- Associated Press - Wednesday, April 13, 2016

POWELL, Wyo. (AP) - This is a tough time for rural hospitals.

Doug McMillan, chief executive officer at West Park Hospital in Cody, said more than 100 rural hospitals have closed in the past 10 years, the Powell Tribune reported (https://bit.ly/1TMnqWP).

McMillan said it’s important for both West Park and Powell Valley Hospital to remain strong. If one were to fail, “it would jeopardize the other hospital’s ability to maintain its hospital’s critical access status, and that’s very important,” he said.

Critical access hospitals - hospitals with 25 or fewer beds - are reimbursed by Medicare at a higher rate than their larger counterparts.

To remain strong in today’s difficult medical environment, both of Park County’s hospitals work together when possible, McMillan said.

“We talk about our organization and Powell Valley Healthcare, the importance of both of our organizations working together,” he said.

“Historically, we’ve had a great relationship with being able to work together” to help both hospitals operate more cost efficiently, he said.

For instance, Dr. Nathaniel Rieb, the general surgeon at Powell Valley Hospital, rotates with the two surgeons from West Park Hospital, Dr. Thomas Etter and Dr. Charlie Welch, together to cover on-call hours at both hospitals.

“We have three general surgeons between Cody and Powell, and the two hospitals work together to ensure that we have full coverage that covers both hospitals,” McMillan said.

“That’s big, because general surgery coverage is extremely important to both hospitals,” he said.

Locums, or traveling surgeons, cover the fourth week, and both hospitals share that cost, said Terry Odom, interim chief executive officer for Powell Valley Healthcare.

In addition, “Doug and I collaborate occasionally about things we can do,” Odom said.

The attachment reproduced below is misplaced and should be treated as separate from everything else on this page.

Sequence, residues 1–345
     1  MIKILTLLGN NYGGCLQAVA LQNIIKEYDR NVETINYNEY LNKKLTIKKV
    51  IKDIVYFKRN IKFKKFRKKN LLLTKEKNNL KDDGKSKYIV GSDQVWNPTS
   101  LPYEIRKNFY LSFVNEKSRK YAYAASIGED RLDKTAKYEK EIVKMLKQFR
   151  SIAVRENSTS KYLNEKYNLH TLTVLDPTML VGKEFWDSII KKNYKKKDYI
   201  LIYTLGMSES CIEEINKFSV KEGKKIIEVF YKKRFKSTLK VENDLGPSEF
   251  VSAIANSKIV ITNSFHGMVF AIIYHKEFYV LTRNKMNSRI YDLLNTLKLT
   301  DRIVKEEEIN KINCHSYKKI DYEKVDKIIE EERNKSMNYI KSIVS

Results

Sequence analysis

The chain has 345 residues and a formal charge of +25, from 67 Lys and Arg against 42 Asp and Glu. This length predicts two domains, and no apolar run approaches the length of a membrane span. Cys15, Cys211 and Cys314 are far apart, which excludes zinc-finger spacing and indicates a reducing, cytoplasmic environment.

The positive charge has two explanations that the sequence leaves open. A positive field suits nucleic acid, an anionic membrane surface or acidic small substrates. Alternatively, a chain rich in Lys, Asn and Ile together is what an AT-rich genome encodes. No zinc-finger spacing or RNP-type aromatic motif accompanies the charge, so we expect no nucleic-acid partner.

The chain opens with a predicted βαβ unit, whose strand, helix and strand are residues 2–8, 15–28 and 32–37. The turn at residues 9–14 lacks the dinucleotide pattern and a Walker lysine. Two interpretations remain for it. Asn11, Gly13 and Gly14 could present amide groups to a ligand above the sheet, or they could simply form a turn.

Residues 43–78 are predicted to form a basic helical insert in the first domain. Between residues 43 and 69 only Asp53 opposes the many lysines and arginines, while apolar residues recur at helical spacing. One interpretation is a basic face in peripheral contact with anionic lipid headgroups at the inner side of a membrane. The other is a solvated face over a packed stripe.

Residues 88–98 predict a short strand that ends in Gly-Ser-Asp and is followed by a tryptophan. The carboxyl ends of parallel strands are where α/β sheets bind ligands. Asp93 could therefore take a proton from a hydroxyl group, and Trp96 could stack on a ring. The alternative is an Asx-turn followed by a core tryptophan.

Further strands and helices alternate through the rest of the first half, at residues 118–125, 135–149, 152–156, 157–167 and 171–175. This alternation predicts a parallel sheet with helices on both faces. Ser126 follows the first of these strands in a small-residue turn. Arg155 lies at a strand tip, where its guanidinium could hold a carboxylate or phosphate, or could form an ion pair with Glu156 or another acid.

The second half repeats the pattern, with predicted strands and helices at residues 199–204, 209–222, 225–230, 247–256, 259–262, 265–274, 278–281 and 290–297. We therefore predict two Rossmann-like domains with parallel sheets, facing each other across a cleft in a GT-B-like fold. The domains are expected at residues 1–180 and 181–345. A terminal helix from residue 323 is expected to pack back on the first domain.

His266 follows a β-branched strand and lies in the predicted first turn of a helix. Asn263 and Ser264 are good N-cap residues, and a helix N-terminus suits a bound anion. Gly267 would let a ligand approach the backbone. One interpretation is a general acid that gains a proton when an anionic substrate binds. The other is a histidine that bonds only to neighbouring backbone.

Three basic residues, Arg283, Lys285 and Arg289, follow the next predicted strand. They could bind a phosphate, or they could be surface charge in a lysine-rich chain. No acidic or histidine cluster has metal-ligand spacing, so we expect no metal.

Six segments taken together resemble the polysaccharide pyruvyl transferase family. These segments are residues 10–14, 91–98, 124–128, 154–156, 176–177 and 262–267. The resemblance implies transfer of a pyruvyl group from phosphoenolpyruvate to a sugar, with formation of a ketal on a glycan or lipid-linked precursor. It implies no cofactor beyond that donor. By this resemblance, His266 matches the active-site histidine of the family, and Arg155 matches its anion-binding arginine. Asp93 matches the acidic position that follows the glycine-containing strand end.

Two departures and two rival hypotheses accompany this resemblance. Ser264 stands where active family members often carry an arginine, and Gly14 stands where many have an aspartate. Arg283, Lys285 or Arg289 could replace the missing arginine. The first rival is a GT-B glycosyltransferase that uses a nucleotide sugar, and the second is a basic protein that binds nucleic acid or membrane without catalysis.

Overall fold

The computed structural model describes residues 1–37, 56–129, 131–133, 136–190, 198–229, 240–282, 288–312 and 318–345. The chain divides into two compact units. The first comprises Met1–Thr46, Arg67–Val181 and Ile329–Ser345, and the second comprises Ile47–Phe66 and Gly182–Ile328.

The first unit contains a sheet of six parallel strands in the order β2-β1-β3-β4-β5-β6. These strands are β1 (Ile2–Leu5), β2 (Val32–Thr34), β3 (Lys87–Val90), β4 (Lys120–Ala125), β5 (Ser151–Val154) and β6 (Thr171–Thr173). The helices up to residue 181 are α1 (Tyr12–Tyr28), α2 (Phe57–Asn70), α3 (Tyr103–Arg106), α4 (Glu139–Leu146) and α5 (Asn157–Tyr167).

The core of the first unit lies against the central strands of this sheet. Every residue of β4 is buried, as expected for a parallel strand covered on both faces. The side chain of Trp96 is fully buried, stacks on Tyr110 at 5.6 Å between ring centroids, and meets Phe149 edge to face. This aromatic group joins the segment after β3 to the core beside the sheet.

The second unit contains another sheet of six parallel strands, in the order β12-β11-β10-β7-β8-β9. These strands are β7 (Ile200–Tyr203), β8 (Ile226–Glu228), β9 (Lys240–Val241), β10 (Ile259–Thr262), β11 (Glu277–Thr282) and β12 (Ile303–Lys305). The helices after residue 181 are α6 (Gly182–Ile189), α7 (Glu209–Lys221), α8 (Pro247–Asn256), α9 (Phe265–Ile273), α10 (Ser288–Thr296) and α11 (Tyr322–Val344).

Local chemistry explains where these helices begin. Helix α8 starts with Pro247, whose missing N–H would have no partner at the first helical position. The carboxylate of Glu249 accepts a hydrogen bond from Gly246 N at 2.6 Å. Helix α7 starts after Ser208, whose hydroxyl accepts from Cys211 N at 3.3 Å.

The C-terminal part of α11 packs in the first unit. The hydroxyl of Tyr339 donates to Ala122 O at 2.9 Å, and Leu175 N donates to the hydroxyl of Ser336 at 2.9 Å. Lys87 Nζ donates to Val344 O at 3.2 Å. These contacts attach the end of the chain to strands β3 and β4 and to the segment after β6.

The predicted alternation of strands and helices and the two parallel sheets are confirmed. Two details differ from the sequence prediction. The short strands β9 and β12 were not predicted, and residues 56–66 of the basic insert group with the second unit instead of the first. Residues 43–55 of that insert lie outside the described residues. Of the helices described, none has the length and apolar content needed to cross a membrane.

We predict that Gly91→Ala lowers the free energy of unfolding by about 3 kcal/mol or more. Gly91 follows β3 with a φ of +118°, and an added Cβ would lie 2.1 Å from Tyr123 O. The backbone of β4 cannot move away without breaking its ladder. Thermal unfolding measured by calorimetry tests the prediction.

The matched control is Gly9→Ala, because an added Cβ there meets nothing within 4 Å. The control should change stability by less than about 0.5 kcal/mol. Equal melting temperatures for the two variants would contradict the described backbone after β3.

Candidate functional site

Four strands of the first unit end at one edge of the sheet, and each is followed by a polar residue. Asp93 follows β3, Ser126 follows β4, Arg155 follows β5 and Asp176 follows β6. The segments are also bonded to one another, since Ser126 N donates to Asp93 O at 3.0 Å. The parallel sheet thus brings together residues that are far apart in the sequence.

McMillan said, “I think a lot of our managers work with each other and speak closely with each other, addressing how they can work together.”

West Park Hospital is hosting a meeting next month between the Wyoming Hospital Association and hospitals in the Big Horn Basin.

Powell Valley Healthcare also works cooperatively with North Big Horn Hospital in Lovell and Hot Springs County Memorial Hospital in Thermopolis by providing a pharmacist on a weekly basis.

A PVHC pharmacist helps out at North Big Horn Hospital three mornings each week. Another pharmacist visits Hot Springs County Memorial Hospital twice per week.

“Doctors would tell you it’s been helpful to have a pharmacist from Powell,” said Rick Schroeder, chief executive officer at North Big Horn Hospital.

PVHC Pharmacist Gareth Robertson said he’s the one who helps out in Lovell when he’s on duty.

Robertson said another way the three hospitals cooperate is by ordering expensive medications together.

“One medication can cost thousands of dollars, and you have to buy it in lots of 10 or more,” he said.

By ordering it as a group, the cost is reduced and the medication can be shared between the hospitals, making it less likely that it will expire before it can be used, he said.

Schroeder said both hospitals occasionally find themselves short of a medical supply, “some little item that we run out of, when we have a higher volume than we thought or run out of materials. We call on Powell, and they call on us from time to time” to provide supplies until replacement items arrive.

“We’re competitors … in the same business, but really, I feel like we’re more colleagues, doing the same thing,” Schroeder said. “We recognized that we all do better when we’re all here.”

McMillan said hospitals in the Big Horn Basin occasionally group together to purchase other expensive medical supplies to get a better price.

In addition to sharing pharmacists, Odom said Powell Valley Hospital has started sending an operating room technician to help train North Big Horn Hospital’s staff.

“So when we’re not busy, it provides work for our staff, but it lets them keep some cases in their area, too. It provides stability for both our organizations.”

However, sometimes collaborative efforts don’t work out.

When Powell Valley Healthcare approached West Park a couple of years ago about partnering with home health and hospice services, West Park said no.

“Unfortunately, it didn’t work,” McMillan said in March.

And when West Park Hospital offered to let Powell Valley Healthcare tie into its electronic medical records system, PVHC leaders declined.

“I believe PVHC had already committed to NextGen, (which) was in the implementation phase when the idea of partnering with WPH was discussed,” Odom said. That occurred before Odom came to Powell Valley Healthcare.

Overall though, “If the hospitals can more effectively work together, they’re going to provide better health care and hopefully at a better cost for everyone at Park County,” McMillan said. “It’s important for both hospitals in Park County to not only survive, but thrive.”


Information from: Powell (Wyo.) Tribune, https://www.powelltribune.com

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